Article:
A Blog by Jonathan Low


May 16, 2020

Can the Social Sciences Help Humanity Navigate the Pandemic?

Someone should probably study that. JL

Cathleen O'Grady reports in ars technica:

If humans didn’t insist on being so messily human, pandemic response would be much simpler. People would stay physically separated; leaders would be proactive and responsive to evidence; our fight concentrated on the biomedical tools we need. The problem is that our imperfect humanity gets in the way, and getting around those imperfections demands that we understand human behavior. Are the social sciences ready to help us navigate the pandemic? Experts disagree. The coronavirus crisis forces a tough, society-wide lesson on scientific uncertainty.
In mid-March, just before President Trump declared COVID-19 a national emergency, Stanford psychology professor Robb Willer posted a call to arms on Twitter, asking for suggestions on how the social and behavioral sciences could help to address the pandemic. “What ideas might we have to recommend? What research could we do?” he asked. “All ideas, half-baked or otherwise, are welcome!”
Given the importance of our social interactions to the spread of the pandemic, behavioral sciences should have a lot to tell us. So Willer got a large response, and the result was a huge team effort coordinated by Willer and New York University social psychology professor Jay van Bavel. The goal: to sum up all the best and most relevant research from psychology, sociology, public health, and other social sciences. Published in the journal Nature Human Behaviour last week—a lightning-fast turnaround for academia—the resulting paper highlights research that addresses behavioral questions that have come up in the pandemic, from understanding cultural differences to minimizing scientific misinformation.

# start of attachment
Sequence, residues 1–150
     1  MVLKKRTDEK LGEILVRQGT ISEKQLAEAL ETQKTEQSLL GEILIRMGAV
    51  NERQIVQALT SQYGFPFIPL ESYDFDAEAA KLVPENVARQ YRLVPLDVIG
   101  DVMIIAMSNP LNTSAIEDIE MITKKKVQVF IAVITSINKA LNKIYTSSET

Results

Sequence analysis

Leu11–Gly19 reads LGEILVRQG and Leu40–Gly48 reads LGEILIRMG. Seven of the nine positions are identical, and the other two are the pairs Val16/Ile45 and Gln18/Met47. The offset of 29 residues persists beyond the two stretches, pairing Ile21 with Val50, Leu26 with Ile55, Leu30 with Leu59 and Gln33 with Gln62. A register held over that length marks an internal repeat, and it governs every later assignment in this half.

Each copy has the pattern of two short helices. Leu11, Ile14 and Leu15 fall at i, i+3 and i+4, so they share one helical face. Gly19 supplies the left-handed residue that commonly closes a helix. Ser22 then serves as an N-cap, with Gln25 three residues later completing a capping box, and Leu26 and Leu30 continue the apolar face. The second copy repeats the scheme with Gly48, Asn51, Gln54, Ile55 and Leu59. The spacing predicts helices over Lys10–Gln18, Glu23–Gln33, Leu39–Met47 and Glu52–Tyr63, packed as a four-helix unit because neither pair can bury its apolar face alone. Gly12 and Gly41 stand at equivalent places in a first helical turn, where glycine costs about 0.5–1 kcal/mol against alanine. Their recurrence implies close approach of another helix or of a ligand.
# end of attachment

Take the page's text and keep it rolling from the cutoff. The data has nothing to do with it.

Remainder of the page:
Different sections, each written by researchers with expertise in that particular field, summarize research on topics from social inequality to science communication and fake news. Responding to the crisis requires people to change their behavior, the paper’s authors argue, so we need to draw on behavioral research to “help align human behavior with the recommendations of epidemiologists and public health experts.”
But while Willer, van Bavel, and their colleagues were putting together their paper, another team of researchers put together their own, entirely opposite, call to arms: a plea, in the face of an avalanche of behavioral science research on COVID-19, for psychology researchers to have some humility. This paper—currently published online in draft format and seeding avid debates on social media—argues that much of psychological research is nowhere near the point of being ready to help in a crisis. Instead, it sketches out an “evidence readiness” framework to help people determine when the field will be.